A group of neighborhood organizations are holding a candlelight vigil this afternoon to protest proposed Chicago Public Schools closings and turnarounds.
Meanwhile, the Humboldt Park community group Blocks Together will talk this evening with two Board of Education officials regarding the turnarounds of Casals and Piccolo elementary schools.
The actions are part of a scramble by neighborhood groups, the Chicago Teachers Union, parents and Local School Councils to stop the Board of Education from voting to approve 17 school closings or turnarounds at its Wednesday meeting.
Shannon Bennett, an organizer at the Kenwood Oakland Community Organization, helped organize the vigil and says it is “a solemn activity and one last attempt to reason” with both the seven-member Board and the office of Mayor Rahm Emanuel.
Bennett, though, is not sure what any more vigils, school sit-ins, and actions inside City Hall and CPS headquarters can accomplish in addition to raising public awareness. “They are not listening,” Bennett said of CPS and the mayor.
Bennett added that if the Board of Education does approve these school actions, he will likely focus on a lawsuit filed by Local School Council members with a Cook County judge to effectively stop the actions.
Meanwhile, Blocks Together is both participating in the vigil and speaking with Board officials about the fates of Casals and Piccolo elementary schools. The community group staged a sit-in of Piccolo over the weekend – the demonstration ended when Board of Education Vice-President Jesse Ruiz paid a visit and promised a subsequent meeting between Blocks Together and more officials from the seven-member board.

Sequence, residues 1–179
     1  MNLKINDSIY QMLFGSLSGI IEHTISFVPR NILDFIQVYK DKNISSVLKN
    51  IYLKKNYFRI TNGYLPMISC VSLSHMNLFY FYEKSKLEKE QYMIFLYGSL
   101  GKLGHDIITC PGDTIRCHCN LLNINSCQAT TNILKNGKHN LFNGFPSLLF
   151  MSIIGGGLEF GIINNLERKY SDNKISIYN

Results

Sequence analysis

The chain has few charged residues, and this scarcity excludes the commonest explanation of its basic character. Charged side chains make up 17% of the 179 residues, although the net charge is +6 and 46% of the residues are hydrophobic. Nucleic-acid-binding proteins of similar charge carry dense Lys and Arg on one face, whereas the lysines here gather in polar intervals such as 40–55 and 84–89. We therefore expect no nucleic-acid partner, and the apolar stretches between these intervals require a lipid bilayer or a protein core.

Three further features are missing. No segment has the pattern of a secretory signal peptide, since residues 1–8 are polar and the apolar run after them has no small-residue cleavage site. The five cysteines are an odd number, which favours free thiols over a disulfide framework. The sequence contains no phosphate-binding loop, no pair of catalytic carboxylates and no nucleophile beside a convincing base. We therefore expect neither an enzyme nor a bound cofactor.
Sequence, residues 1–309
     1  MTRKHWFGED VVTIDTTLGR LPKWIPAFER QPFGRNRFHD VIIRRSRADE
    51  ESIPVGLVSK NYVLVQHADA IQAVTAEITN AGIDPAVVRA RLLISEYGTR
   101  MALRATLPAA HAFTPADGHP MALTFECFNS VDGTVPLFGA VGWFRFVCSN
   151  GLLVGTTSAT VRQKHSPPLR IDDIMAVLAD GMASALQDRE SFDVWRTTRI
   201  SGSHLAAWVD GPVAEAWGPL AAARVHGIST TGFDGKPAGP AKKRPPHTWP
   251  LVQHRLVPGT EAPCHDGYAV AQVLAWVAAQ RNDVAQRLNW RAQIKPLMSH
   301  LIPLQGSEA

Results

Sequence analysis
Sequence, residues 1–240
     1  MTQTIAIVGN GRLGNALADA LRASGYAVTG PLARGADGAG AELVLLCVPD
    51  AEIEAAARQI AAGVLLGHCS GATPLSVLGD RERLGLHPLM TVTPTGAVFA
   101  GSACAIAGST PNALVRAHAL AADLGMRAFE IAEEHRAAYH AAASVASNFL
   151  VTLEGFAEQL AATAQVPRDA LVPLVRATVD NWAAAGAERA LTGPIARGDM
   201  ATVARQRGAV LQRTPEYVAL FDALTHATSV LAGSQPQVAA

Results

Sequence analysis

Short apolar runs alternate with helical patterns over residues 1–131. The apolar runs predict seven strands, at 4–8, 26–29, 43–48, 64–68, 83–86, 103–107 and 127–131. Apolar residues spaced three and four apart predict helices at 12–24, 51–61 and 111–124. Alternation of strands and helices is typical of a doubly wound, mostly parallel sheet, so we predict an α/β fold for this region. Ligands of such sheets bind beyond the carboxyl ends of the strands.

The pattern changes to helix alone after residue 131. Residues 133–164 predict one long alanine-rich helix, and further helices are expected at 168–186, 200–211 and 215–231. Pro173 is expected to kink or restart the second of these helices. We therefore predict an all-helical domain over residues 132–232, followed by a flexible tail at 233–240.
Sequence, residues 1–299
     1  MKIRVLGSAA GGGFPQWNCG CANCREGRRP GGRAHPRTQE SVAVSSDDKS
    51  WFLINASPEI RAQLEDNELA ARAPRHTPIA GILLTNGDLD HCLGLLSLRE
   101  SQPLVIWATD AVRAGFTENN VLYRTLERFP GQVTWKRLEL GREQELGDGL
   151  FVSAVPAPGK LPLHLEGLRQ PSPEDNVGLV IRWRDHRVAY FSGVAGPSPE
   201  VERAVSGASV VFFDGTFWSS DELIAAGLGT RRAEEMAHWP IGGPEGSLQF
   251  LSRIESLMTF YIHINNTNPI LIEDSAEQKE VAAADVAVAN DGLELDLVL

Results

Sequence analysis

“The purpose of the occupation was to have a real engagement with CPS over Casals and Piccolo,” says Cecile Carole, a director of Blocks Together. “If we had not done the occupation, we would not have had a real discussion with the Board of Education before the vote Wednesday.”
Carole says that Ruiz acknowledged the Board of Education could have done more to get community input. A call to the Board of Education was not returned.
As to what to specifically would be discussed regarding the turnarounds – where students stay at the school, but teachers and the principal get replaced – Carole says one point of contention is the fact that the principals at both schools have only been on the job for a year. Also, Blocks Together says they previously submitted a proposal to CPS to improve Piccolo and Casals, and that CPS ignored the proposal until Saturday.
Both Carole and Bennett argue that their series of protests are the result of Emanuel, the board, and CPS not taking their meeting requests seriously. “We have done our diligence in trying to meet with the city,” Bennett says.